From water management to public health, journalists in the Amazon basin combine scientific research with local knowledge to help communities understand issues that affect them.
Communities living in the Amazon basin's rural areas often face additional challenges to those living in urban settings. A lack of critical resources - such as safe drinking water - is especially difficult in a time when people are encouraged to wash their hands as a way to avoid contracting COVID-19.
This caught the attention of Caterine Jaramillo, a physics engineer and budding journalist who took part in DW Akademie'sonline science journalism course Vientos Alisios (Trade Winds).
The aim is for journalists to combine scientific and traditional knowledge in their reporting so that complex topics become more appealing to a general audience. Adding a human perspective is also important to create accessibility.
"We researched the issue and explained water scarcity from a scientific angle, but we also explored how water scarcity is affecting people themselves," Jaramillo said.
With two other course participants, she travelled to Cisneros, a village in central northwestern Colombia's Antioquia department. There they spoke to official sanitation experts as well as local residents with traditional knowledge to learn about water management and the limitations to accessing water.
"We need to understand that science is not just about what is being done at universities or in laboratories but also about what communities are doing locally,” Jaramillo stressed.
She and her two colleagues realized they also needed to address the social, environmental and economic impacts to better understand the complexity of health issues arising from water scarcity.
"It's important that journalists serve as a bridge between scientific explanations and the realities of communities," she said.
To build their story, journalists initially referred to the Water Quality Risk Index for Human Consumption which evaluates water quality in Colombian municipalities. They then interviewed experts, such as local health authorities, who explained the implications of contaminated water.
Then, the authors turned to Cisneros community leaders to explain how they were approaching the problem by using traditional knowledge of the area. They are, for example, party to water management agreements with communities living in the mountains and close to water sources.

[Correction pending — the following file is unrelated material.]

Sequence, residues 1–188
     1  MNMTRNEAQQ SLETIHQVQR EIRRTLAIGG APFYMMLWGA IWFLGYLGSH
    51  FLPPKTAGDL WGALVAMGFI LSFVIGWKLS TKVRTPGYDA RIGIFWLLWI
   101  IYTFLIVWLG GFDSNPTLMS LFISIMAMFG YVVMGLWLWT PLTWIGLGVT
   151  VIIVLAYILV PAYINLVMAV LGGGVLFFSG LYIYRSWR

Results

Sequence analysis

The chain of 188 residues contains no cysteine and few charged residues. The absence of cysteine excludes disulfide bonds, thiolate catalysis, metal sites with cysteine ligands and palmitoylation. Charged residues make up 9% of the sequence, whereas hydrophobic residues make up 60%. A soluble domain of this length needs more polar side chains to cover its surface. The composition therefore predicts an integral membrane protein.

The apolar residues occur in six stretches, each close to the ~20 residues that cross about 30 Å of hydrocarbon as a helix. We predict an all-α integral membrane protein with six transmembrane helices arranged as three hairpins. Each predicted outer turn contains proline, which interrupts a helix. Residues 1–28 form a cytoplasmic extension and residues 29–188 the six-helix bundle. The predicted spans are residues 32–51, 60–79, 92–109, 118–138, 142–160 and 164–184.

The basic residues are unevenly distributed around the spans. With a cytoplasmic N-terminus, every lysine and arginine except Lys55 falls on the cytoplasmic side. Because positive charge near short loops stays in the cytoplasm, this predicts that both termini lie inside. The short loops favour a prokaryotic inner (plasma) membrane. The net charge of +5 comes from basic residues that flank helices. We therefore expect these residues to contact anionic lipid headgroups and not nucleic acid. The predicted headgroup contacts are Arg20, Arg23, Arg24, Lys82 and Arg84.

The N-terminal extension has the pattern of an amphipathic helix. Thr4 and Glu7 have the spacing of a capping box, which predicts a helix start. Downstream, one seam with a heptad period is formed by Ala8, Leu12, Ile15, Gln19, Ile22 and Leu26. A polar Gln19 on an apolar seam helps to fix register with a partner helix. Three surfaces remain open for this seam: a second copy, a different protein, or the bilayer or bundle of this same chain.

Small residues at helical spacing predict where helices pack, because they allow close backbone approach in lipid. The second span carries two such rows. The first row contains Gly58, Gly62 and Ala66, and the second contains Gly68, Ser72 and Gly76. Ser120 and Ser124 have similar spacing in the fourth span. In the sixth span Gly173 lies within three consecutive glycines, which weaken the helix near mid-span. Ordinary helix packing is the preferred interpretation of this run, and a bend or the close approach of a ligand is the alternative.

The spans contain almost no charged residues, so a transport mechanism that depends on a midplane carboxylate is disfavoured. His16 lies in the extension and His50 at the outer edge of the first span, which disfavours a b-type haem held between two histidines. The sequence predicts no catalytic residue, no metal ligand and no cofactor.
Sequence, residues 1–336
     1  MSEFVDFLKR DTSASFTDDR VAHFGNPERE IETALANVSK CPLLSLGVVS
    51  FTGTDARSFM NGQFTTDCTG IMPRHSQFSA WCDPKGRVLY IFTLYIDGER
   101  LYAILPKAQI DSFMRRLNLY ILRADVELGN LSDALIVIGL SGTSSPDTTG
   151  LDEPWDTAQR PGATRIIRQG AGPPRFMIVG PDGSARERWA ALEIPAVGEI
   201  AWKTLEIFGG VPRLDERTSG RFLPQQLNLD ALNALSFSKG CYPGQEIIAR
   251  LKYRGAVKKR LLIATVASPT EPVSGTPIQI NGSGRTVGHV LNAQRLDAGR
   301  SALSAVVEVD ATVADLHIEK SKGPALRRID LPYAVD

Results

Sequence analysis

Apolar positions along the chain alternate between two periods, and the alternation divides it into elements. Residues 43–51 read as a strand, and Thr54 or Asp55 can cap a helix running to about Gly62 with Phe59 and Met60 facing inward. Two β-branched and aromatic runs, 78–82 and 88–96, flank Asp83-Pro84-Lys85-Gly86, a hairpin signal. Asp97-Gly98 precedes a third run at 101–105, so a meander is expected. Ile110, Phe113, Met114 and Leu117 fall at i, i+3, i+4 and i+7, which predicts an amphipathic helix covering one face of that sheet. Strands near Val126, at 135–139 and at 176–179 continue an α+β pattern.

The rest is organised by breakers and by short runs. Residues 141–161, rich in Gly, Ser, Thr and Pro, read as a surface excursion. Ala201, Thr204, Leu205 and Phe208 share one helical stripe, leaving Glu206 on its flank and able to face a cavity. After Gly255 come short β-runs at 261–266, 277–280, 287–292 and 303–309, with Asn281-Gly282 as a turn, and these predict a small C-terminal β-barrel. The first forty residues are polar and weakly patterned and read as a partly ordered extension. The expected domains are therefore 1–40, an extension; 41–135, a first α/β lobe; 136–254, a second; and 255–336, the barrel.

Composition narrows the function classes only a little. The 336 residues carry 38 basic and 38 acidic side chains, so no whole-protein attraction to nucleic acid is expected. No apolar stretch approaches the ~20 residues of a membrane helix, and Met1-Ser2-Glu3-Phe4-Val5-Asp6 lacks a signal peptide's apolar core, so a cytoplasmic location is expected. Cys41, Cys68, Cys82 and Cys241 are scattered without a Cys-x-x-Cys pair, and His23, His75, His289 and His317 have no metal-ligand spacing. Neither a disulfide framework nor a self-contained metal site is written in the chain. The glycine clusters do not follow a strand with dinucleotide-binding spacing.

Once Jaramillo and her colleagues had collected the information, they needed to narrate the story in a way "that people would fall in love with a science report," she said. Vientos Alisios' mentors recommended classifying and ordering the story's elements, moving from the rural to the urban reality and then explaining the technical aspects of water quality. The result is a three-chapter audio report (in Spanish).
According to the Vientos Alisios guide created by the participating experts (in Spanish), "it's the local processes that, in the end, allow us to reach our nearby communities, our audiences.”
"And,” as course trainer Camilo Prieto, pointed out, "if science aims to improve people’s living conditions, it needs to accept that there are also other ways to access knowledge."
77 journalists and community communicators took part in the online science journalism course and produced a total of 12 stories. The science journalism course is still open to those interested.
The Vientos Alisios project brings together Western and traditional knowledge through conversations between scientists and traditional knowledge holders. Together with journalists, they explore through storytelling how people across Latin America, and in particular the Amazon basin countries, have coped with the COVID-19 virus. The project is supported by the German Federal Ministry for Economic Cooperation (BMZ) and DW Akademie.